I often open talks to the public with “computing under pins everything we do”. A touch melodramatic but hey when you focus on a typical day, most of us interact with computers. Some times directly such as phones, laptops and tablets. Sometime less directly: automatic doors, clever kitchen appliances. Ithink there are even toothbrushes which claim to be digital. It seems there is no end to what can be digitised. As such you would appreciate its not often I’m surprised when technology is being used in a novel situation. When we were staying with my big sister up in Aberdeen and went out to visit the farm one of her friends owns a large farm I was really surprised with the tech in use and the connectedness of it all.
After meeting the cows who had been brought in for the winter and were rather jumpy in a large shed we went into the grain barn to see the tractor. These are impressive pieces of kit. A massive gleaming John Deer, with a bewildering array of mechanical linkages sticking out the back. It wasn’t the well designed cock-pit which placed the array of features at your fingertips that caught my attention. It was the GPS dome on the front. It looked similar to the GPS you see on small boats and I could tell from the pulsing blue light that this was a fairly modern addition. I assumed that this would be used to improve the accuracy when sowing seed, spraying etc and indeed this is one role. Like any business person farmers will not invest in kit if there isn’t a return to be made, and the efficiencies of using this GPS system stack up. It reduces operator fatigue (you can watch Top Gear and let the tractor do the work), and makes significant reductions in how much overlap there is when spraying and sowing seed. This was cool to see but not really surprising, sat nav has been leading the technogullible into canals for quite some time and comes as standard on even low end smart phones.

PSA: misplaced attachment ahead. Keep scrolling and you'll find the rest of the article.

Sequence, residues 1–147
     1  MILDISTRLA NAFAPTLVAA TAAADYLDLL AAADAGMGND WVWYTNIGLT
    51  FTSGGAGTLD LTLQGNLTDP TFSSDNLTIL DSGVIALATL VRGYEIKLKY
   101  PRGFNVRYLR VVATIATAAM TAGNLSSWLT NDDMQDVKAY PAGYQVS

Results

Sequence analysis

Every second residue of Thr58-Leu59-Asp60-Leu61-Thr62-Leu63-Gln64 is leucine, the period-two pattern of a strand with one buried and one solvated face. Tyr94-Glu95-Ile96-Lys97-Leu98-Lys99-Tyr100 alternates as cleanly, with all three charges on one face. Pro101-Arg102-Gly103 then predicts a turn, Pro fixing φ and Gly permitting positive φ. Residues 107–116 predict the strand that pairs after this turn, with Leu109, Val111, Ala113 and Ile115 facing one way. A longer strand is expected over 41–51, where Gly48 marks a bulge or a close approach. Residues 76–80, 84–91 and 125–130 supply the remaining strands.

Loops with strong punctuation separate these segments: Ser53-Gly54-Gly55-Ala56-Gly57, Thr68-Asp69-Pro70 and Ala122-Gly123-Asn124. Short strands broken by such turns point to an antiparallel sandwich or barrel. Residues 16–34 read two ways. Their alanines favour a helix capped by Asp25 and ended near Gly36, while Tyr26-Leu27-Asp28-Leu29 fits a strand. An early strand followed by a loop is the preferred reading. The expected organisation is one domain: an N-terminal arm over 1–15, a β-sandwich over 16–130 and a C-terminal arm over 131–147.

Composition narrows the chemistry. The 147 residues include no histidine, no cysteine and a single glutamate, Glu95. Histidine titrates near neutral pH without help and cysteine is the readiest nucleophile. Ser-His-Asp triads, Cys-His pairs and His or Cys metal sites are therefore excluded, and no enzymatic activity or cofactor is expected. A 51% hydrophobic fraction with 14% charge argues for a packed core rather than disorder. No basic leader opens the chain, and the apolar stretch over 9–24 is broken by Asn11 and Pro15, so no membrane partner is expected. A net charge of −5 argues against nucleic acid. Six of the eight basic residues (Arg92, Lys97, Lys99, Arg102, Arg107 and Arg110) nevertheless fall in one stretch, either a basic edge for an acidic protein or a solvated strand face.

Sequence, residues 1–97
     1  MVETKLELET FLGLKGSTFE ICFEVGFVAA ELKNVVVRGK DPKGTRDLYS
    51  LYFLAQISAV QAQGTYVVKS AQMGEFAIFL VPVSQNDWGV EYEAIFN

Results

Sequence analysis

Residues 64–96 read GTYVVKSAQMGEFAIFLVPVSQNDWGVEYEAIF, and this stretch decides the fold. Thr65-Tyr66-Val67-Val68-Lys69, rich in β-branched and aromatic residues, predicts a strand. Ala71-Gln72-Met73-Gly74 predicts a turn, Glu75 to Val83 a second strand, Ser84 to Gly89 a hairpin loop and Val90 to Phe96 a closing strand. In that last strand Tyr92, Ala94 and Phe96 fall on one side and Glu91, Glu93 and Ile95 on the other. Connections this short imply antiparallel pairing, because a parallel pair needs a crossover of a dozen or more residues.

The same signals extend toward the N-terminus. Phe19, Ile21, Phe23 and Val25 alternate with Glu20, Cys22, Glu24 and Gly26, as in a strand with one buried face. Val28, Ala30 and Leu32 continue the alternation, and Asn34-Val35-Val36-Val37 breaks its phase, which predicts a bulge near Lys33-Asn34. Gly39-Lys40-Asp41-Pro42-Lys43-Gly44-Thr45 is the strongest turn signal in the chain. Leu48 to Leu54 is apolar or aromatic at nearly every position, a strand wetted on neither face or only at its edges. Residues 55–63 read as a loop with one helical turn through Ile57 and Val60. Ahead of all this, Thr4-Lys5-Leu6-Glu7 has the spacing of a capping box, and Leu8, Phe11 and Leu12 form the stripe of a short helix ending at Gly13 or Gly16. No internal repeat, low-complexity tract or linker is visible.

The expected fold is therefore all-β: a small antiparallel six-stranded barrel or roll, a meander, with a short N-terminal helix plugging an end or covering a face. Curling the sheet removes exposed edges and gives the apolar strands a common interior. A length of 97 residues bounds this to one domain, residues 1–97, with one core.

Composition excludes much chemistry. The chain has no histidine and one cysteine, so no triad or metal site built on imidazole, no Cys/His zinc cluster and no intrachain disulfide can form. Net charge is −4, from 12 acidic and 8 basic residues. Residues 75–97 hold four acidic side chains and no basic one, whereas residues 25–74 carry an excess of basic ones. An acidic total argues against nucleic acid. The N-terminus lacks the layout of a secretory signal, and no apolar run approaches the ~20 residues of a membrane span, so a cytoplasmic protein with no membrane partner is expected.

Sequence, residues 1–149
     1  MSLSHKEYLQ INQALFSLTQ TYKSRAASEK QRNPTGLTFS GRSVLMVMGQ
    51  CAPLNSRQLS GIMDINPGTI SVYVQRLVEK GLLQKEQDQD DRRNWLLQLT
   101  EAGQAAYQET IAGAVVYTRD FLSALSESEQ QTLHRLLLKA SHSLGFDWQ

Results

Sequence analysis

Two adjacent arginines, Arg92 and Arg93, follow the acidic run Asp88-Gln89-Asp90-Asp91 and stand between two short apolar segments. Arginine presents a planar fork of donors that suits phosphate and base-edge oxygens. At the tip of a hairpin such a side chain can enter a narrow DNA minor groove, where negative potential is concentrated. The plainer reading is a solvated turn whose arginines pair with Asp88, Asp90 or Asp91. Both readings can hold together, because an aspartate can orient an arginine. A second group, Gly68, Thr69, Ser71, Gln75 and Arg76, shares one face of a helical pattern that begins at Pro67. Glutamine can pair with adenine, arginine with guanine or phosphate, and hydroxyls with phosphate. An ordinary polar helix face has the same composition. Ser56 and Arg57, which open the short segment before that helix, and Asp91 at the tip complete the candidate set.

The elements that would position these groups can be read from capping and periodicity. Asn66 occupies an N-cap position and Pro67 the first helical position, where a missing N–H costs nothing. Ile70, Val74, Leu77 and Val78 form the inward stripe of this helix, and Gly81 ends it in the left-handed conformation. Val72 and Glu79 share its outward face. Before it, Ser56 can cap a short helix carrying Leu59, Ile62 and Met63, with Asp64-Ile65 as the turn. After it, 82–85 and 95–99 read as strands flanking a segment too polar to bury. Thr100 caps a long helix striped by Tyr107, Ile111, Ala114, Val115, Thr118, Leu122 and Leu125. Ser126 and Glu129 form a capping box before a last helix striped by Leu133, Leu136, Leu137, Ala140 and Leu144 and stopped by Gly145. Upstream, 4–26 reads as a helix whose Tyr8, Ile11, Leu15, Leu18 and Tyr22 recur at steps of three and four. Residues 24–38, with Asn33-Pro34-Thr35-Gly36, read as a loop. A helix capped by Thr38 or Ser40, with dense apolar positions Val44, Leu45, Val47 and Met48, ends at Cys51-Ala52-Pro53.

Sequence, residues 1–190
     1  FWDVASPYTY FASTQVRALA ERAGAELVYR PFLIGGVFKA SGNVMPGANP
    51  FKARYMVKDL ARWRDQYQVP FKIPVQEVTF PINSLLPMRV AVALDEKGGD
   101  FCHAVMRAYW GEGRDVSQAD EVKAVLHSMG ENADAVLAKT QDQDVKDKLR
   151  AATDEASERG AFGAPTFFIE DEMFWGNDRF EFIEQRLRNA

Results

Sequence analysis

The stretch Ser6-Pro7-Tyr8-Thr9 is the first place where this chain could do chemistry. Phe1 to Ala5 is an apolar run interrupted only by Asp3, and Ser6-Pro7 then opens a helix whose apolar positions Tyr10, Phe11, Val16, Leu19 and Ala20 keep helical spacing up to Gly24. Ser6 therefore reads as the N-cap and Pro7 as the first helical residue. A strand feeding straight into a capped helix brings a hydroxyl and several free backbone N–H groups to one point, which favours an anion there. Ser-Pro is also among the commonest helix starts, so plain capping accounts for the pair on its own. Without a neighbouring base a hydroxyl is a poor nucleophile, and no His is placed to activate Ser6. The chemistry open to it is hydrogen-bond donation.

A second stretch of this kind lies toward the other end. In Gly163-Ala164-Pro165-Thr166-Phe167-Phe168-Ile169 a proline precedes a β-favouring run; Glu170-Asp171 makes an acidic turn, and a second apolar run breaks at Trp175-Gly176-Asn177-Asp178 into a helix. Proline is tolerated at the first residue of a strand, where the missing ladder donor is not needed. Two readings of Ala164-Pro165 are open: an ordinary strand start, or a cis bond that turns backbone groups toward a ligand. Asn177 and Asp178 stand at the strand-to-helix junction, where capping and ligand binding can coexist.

The interesting bit was when the term “soil mapping” was mentioned and we went to have a look at the Combine. Another staggeringly big (close up) piece of kit with the now familiar pulsing blue dome. But this is where it got interesting. The combine is instrumented to automatically record characteristics of the crop it is harvesting: weight of head, height of stock etc which is good data to have. This along with its geotag is used to build a soil map of the fertility of the field and the crop yield to the square foot. Which is pretty cool on its own, but this is then fed back to the tractor the following year so fertiliser can be used proportionately. I don’t know if the model factors in the weather throughout the growing period and other data but I was really impressed to see such a refined seamless service in operation.
Its a great example of identifying legitimate gains to be had by implementing some tech and also a design and dev cycle that has clearly understood the way the farmers operate in its entirety. As aposed to focusing on a temporally small snap shot it considers the multiple years and long game that farming is. This made me think about the service model in operation. The different machines have tech on board that talks to each other, presumably using GSM. If this is a subscription service then its likely there is a big database full of lots of this data. A national or global picture of crop yield at this granularity would be incredibly interesting to create and no doubt of value. which be an untapped resource and by product of the current business model in place.